The sky is a special effect built into the Doom rendering engine.
The original Doom contains three sky textures (SKY1, SKY2 and SKY3), one for each episode. This is consistent with the backstory, because each episode takes place in a specific venue (Phobos, Deimos and Hell, respectively), and the nine levels of each episode share the same sky. The first is a misty gray sky with lumpy greenish mountains, the second is a red overcast sky with brown mountains with light snow, and the third is a much foggier red sky with mountains tinted reddish-black. Ultimate Doom added a fourth sky texture, SKY4, for use in Episode 4, showing orange-tinted clouds with no visible mountains.
Doom II uses the same names for its three sky textures, but the graphics in the IWAD file are different. The engine selects SKY1 for the levels MAP01 through MAP11, depicting a brown partly cloudy sky, SKY2 for MAP12 through MAP20, showing a burning cityscape, and SKY3 for MAP21 through MAP32, which somewhat resembles SKY2 from the original Doom but with bright red cave walls behind the mountains, making it clear the player is in a subterranean Hell. The game is not divided into episodes, of course, but textual interludes divide it into related groups of levels and the sky textures again correspond to the backstory venues: starport, your own home city and alien base (Hell on Earth).
Doom 64 has three different skies like in a Doom II-based WAD. The first sky is nighttime, filled with stars, with craggy mountains visible in the distance. After the player re-enters Hell, the second sky is daytime, filled with hazy clouds and sometimes with closer mountains, and the third sky is filled with flames rising into pitch blackness. The skies also vary in color by level.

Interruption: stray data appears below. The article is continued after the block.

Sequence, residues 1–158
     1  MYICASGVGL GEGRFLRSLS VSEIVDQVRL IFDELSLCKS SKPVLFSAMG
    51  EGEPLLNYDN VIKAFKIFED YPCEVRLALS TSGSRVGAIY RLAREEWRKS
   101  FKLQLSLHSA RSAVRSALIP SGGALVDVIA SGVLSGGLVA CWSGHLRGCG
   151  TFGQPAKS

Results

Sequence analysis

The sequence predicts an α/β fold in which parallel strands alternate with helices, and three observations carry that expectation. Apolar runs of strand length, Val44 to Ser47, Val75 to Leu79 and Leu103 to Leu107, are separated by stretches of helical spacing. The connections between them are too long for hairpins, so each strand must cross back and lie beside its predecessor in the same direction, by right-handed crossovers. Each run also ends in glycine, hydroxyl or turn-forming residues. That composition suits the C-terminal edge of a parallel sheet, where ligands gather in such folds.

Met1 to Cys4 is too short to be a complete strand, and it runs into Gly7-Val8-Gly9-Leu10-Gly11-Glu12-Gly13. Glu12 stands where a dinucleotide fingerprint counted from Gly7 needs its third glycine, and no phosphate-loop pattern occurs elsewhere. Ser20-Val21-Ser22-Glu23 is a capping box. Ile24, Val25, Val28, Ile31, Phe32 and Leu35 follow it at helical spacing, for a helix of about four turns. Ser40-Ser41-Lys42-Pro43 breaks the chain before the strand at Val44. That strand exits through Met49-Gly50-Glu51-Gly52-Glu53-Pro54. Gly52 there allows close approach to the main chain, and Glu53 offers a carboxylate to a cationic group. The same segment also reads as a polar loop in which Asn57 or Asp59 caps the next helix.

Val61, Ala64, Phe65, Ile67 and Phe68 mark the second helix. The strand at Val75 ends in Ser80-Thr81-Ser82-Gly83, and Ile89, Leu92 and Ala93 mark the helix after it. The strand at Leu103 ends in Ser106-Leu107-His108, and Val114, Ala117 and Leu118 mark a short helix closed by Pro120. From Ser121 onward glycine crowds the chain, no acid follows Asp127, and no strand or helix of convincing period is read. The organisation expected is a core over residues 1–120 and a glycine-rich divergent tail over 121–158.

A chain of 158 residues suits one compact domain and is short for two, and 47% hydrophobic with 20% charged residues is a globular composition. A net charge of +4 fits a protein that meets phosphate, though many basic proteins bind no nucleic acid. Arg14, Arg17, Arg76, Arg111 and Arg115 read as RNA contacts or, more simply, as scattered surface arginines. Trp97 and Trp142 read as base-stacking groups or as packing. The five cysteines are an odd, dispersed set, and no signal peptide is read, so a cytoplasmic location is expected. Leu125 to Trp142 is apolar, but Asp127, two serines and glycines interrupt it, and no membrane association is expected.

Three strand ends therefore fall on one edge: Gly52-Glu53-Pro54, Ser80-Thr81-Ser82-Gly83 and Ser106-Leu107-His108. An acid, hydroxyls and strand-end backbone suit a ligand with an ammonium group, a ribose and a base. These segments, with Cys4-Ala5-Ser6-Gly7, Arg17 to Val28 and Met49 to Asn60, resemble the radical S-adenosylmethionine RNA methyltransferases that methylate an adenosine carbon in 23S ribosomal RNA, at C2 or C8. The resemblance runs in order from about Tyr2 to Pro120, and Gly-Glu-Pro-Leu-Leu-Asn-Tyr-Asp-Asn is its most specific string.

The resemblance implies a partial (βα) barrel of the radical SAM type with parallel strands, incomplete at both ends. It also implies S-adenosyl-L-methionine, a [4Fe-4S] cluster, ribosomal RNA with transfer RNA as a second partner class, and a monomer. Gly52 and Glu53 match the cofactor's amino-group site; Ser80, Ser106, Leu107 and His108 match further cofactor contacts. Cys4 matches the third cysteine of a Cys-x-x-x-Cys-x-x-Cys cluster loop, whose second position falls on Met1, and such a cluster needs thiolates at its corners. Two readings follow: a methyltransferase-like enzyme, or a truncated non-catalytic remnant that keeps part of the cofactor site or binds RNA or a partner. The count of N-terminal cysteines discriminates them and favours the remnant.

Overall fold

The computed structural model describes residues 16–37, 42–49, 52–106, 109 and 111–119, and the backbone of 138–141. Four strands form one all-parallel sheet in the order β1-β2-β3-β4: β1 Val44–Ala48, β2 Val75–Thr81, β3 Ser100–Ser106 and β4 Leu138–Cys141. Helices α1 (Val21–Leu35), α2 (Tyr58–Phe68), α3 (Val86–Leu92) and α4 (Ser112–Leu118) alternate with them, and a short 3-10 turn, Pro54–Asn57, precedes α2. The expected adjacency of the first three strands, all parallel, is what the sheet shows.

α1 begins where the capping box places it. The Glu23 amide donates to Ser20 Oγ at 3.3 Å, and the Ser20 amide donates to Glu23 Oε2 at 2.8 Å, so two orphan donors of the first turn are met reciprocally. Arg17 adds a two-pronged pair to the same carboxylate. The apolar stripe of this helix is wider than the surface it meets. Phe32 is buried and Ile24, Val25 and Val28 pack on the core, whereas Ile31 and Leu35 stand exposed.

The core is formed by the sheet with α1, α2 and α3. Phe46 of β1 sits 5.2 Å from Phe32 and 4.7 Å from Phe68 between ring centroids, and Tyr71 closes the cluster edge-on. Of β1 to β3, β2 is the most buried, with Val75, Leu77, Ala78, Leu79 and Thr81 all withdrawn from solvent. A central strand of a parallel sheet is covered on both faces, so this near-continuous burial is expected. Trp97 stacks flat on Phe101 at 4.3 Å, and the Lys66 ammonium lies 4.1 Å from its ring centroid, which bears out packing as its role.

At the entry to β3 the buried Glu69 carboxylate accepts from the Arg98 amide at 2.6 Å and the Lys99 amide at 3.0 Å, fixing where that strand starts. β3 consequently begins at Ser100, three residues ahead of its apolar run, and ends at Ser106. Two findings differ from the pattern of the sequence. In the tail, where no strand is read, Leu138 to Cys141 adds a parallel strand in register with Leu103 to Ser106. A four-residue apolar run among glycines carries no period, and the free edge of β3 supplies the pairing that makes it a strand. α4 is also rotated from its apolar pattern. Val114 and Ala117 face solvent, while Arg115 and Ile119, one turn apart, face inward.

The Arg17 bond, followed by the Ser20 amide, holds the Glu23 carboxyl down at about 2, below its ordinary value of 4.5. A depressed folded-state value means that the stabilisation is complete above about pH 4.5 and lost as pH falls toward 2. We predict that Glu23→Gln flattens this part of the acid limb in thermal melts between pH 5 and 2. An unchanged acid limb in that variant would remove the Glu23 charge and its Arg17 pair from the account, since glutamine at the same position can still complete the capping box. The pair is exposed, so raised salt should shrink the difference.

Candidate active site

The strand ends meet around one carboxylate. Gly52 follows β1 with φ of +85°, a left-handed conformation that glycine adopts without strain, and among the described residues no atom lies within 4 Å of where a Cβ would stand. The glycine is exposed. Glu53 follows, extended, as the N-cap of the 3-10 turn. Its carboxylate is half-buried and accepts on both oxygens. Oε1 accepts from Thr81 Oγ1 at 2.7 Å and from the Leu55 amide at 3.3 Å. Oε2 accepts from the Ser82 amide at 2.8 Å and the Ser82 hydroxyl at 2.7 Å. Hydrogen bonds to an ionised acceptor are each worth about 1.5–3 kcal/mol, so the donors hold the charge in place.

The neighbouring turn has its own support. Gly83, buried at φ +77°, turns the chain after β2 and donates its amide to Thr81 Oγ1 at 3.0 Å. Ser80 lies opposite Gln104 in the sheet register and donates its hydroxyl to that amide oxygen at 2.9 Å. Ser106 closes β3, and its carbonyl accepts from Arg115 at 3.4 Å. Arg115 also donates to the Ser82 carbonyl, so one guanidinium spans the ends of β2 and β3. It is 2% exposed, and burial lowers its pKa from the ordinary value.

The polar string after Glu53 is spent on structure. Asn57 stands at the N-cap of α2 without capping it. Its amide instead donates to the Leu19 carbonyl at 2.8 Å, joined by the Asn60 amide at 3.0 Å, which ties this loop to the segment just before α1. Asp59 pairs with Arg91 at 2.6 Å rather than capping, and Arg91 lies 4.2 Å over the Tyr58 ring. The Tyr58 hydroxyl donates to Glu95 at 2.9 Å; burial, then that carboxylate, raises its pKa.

TNT: Evilution uses an interesting variation: SKY1 is daytime, with an ugly brown sky and snowcapped mountains, and SKY2 is nighttime and filled with stars, with a crude galaxy and a rendering of the Hourglass Nebula covering large portions of opposite sides of the sky. However, SKY3 is yet another rendering of the Hell sky, here bright red and overcast, with no visible cave wall. Plutonia uses grayish-white overcast for SKY1, a somber dark red for SKY2, and bright red hell cave wall for SKY3, without any foreground mountains.
Heretic contains three sky textures (SKY1, SKY2 and SKY3), one for each episode. SKY1 contains a dark gray overcast sky with brown mountains, SKY2 a cloudy red sky with gray mountains, and SKY3 a deep blue underwater "sky" with blue mountains and large struts visibly supporting the dome. Episode 4 and the three unused levels of "Episode 6" simply use SKY1, whereas Episode 5 recycles SKY3.